Let’s assume you have a XAML window named winMoreDataBinding. You can add the appropriate properties to this window class and bind the IsEnabled properties of your buttons to these properties. To do this, you need to implement the INotifyPropertyChanged interface on your window. Listing 6 shows the code that you would add to your Window class to implement properties that you bind to the respective IsEnabled properties of your buttons.

To bind each of these properties to your buttons’ IsEnabled properties, you write the XAML shown in below:

<Button Content="Add"
    IsEnabled="{Binding Path=IsAddEnabled}" />
<Button Content="Save"
    IsEnabled="{Binding Path=IsSaveEnabled}" />
<Button Content="Cancel"
    IsEnabled="{Binding Path=IsCancelEnabled}" />

Now in the code-behind for your window if you set the IsAddEnabled property to False, then the Add button will become disabled automatically. It is important that you set the property IsAddEnabled, not the private variable that this property uses as its backing data store. The Set procedure for the IsAddEnabled will raise the property changed event which is how XAML is informed of the change in value and then knows to refresh its control’s UI state.

A Simple View Model Class

Now that you are familiar with data binding both in terms of data objects and UI objects, you can now expand on your knowledge to create a simple ViewModel and eliminate even more code-behind from your windows. If you download and look at each of the samples illustrated in this article, you will find that each window has about 200 lines of code-behind. When you start using a ViewModel you will cut this amount by more than half!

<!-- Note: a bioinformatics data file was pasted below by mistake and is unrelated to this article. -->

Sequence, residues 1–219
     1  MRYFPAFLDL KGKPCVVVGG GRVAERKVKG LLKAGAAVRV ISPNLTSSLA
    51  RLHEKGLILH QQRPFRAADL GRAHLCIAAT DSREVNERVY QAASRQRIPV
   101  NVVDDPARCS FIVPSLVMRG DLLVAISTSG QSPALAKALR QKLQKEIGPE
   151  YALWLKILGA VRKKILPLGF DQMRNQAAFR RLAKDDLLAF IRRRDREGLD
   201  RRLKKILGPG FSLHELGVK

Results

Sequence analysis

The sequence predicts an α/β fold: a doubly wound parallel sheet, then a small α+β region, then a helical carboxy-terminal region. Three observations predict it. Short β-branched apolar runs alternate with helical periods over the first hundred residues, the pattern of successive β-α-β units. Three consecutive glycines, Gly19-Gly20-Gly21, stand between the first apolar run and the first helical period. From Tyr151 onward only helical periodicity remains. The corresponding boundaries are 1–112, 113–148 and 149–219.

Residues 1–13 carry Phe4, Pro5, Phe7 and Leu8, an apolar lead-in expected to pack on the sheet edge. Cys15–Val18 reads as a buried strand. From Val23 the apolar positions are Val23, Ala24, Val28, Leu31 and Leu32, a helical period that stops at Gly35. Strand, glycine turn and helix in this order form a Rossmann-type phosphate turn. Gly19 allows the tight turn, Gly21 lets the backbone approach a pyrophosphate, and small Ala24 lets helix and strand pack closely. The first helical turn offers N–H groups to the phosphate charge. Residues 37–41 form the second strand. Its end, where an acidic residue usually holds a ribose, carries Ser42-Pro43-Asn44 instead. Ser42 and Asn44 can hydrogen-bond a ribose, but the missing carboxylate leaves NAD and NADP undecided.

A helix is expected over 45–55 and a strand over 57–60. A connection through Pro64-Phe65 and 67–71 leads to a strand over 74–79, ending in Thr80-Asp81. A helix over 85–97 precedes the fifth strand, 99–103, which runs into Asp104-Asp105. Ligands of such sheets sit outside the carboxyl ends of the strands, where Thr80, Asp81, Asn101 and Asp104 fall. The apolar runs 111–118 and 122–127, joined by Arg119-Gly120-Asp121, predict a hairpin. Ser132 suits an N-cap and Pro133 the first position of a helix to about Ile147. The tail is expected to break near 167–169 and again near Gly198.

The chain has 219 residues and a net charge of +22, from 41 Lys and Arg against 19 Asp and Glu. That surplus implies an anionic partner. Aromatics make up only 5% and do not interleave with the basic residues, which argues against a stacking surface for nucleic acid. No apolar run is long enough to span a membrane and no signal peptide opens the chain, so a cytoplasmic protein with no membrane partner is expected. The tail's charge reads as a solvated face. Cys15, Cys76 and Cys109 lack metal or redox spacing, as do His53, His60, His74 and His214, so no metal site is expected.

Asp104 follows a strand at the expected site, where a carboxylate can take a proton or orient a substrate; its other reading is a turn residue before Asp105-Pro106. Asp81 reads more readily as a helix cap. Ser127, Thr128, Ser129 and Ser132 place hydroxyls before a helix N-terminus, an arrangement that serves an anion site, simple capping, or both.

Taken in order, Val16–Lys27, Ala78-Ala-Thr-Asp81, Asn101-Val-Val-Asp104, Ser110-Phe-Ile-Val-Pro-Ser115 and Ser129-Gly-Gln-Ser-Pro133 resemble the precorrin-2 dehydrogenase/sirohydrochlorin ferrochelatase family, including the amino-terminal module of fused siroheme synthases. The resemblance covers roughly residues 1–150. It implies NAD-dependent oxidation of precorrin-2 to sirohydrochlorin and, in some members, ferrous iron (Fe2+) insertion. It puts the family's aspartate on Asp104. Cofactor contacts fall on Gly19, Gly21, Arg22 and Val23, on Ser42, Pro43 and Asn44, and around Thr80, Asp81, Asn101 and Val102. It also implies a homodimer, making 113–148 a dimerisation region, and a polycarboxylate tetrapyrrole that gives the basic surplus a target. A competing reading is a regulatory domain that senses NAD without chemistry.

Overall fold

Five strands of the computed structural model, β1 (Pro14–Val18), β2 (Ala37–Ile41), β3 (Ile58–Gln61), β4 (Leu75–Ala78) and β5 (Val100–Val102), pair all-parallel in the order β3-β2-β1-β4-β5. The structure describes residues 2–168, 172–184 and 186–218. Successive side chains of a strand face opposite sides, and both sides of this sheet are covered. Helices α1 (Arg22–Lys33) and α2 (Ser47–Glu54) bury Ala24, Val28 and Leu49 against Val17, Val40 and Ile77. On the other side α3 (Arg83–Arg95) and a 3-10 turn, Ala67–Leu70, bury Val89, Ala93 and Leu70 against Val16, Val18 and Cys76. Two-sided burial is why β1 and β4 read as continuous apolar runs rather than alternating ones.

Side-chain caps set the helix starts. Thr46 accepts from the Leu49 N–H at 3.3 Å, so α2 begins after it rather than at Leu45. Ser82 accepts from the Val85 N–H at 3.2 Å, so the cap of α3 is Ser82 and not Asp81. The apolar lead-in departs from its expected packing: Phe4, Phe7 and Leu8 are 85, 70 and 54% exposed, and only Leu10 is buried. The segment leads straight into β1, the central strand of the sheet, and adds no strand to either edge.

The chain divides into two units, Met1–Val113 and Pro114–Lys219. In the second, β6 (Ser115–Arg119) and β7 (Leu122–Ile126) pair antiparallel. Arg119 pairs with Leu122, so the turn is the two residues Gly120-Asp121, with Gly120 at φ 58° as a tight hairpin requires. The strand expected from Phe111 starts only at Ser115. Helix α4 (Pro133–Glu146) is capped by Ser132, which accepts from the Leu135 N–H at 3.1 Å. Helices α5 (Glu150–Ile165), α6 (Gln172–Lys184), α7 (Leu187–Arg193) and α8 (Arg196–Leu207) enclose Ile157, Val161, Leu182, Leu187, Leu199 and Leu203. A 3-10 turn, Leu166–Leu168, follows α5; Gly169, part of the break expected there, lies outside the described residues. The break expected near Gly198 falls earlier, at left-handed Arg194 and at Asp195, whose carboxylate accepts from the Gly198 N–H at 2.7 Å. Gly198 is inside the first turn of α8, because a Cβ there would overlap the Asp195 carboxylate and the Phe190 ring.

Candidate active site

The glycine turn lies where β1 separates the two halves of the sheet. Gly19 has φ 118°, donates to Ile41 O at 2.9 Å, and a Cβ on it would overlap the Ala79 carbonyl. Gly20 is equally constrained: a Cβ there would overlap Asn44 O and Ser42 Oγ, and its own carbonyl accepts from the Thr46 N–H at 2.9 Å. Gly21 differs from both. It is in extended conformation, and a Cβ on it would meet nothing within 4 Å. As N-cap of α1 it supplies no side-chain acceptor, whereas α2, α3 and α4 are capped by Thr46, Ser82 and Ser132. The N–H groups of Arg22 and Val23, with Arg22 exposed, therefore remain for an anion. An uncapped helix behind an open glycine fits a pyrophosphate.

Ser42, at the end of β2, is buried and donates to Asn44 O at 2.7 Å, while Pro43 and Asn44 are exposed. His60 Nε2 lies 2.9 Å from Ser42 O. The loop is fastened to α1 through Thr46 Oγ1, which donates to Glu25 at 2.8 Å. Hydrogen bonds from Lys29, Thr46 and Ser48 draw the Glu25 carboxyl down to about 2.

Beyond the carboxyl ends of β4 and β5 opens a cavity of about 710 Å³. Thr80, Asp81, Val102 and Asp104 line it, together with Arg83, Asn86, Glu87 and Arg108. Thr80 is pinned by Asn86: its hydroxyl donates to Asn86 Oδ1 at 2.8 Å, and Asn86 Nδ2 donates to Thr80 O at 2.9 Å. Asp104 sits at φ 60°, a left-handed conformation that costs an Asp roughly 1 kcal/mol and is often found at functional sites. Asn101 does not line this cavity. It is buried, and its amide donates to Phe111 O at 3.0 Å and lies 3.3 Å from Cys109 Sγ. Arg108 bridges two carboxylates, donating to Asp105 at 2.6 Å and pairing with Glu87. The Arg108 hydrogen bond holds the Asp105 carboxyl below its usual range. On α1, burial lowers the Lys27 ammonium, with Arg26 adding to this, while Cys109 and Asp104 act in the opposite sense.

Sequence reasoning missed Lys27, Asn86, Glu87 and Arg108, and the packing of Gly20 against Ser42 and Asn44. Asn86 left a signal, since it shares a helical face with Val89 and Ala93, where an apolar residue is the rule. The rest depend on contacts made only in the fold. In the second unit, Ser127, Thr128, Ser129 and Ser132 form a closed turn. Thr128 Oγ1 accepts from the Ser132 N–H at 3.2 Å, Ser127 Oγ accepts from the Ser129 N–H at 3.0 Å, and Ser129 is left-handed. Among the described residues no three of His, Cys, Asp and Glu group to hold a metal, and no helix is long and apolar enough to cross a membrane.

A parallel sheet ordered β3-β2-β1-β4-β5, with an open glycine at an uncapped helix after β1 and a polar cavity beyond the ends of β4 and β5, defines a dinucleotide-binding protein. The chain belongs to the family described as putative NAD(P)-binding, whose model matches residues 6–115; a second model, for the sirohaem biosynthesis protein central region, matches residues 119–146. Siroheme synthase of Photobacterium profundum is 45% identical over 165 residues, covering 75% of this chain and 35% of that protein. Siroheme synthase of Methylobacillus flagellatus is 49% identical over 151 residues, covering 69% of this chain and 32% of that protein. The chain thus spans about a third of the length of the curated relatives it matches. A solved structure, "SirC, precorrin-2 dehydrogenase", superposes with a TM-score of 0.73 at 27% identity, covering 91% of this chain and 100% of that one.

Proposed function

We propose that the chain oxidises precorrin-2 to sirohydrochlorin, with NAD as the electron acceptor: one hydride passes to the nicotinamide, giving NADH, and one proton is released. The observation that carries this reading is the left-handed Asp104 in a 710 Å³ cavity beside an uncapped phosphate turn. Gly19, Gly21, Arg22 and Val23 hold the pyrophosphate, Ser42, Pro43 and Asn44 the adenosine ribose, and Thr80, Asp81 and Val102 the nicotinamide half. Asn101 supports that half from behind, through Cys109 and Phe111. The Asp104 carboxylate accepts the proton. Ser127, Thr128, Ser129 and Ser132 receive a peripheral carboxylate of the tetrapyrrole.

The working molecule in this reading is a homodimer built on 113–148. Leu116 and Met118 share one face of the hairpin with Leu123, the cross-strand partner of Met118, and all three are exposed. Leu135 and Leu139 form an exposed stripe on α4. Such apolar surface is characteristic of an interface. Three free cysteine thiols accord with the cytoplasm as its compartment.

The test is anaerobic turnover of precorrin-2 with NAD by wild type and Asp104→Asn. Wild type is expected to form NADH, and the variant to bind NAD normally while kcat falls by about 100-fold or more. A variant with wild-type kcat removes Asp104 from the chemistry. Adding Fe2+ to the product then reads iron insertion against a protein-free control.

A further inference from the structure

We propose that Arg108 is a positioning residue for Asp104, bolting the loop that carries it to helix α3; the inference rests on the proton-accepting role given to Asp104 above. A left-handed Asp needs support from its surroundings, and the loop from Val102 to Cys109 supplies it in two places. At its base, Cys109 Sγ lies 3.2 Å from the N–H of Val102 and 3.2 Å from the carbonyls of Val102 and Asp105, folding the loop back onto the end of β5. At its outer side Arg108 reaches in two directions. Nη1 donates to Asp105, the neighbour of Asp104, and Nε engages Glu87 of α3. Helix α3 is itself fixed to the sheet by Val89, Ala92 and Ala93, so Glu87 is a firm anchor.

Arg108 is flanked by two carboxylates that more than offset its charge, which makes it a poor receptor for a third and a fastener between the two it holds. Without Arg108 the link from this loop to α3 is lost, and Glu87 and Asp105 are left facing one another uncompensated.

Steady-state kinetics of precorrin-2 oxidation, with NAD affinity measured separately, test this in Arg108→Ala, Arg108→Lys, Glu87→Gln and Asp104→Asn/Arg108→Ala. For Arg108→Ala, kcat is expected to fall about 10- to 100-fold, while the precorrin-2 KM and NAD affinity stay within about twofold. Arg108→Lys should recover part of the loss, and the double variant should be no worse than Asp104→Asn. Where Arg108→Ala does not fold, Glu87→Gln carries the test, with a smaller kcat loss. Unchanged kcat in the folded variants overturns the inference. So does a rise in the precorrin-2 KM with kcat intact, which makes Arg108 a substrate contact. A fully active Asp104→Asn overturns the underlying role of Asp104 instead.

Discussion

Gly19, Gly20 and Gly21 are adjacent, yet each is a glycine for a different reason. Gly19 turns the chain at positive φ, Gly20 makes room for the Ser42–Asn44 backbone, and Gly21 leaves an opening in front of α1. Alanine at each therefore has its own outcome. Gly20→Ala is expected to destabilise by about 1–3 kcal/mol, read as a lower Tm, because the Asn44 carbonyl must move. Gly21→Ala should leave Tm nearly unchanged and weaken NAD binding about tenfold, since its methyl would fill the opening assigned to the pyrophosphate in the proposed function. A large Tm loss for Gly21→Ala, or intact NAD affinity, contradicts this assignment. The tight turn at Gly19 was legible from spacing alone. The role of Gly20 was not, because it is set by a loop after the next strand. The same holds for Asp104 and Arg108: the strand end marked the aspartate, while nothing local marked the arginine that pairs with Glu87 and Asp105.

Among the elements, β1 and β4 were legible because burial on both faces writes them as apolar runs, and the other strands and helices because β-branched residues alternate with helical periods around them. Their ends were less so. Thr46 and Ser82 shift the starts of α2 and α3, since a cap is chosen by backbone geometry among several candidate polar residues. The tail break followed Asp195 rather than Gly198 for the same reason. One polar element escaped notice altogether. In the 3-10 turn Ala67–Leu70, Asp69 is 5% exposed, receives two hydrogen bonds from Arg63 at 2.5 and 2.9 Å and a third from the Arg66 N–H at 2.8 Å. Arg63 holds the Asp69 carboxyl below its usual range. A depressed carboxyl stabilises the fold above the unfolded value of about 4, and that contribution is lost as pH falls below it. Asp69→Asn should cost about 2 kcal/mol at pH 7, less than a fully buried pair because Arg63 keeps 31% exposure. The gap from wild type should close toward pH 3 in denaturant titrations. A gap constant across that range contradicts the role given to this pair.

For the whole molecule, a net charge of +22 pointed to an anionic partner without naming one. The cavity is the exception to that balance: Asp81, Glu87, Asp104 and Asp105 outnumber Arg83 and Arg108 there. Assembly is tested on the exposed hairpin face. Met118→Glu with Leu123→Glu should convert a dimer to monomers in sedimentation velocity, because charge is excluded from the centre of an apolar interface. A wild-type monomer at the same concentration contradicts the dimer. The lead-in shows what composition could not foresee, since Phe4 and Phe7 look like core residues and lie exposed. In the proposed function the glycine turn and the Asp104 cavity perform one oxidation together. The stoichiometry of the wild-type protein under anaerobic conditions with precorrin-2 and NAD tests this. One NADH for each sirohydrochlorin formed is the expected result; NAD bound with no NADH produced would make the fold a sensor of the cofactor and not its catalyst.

Remember that a view model is just a class with code, there is no magic. In the sample application that goes along with this article, there is a class called ProductViewModel. You will create an instance of this class by creating it as a resource in your XAML. First you will create an XML namespace and give that namespace a name. Consider the following XAML:

<Window x:Class="winSimpleMVVM"
   xmlns="http://schemas.microsoft.com/winfx
         /2006/xaml/presentation"
   xmlns:x="http://schemas.microsoft.com/winfx
            /2006/xaml"
   xmlns:local="clr-namespace:MVVMSample"
   Title="Simple View Model Sample">
  <Window.Resources>
    <local:ProductViewModel x:Key="viewModel" />
  </Window.Resources>
  ...
</Window>